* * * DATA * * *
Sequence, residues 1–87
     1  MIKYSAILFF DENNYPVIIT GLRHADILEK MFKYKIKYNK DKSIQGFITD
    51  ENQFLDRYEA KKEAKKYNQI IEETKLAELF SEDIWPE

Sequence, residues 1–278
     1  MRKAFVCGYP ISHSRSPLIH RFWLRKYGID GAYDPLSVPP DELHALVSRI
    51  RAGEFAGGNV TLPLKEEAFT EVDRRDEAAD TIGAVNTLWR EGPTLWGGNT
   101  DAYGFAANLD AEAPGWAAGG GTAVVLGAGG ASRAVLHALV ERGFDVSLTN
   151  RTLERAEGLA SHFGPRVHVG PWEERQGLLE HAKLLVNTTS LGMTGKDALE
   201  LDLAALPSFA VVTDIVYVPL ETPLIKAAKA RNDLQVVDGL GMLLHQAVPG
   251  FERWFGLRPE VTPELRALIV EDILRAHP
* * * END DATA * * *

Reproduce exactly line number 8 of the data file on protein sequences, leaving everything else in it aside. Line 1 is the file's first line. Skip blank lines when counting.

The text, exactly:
   151  RTLERAEGLA SHFGPRVHVG PWEERQGLLE HAKLLVNTTS LGMTGKDALE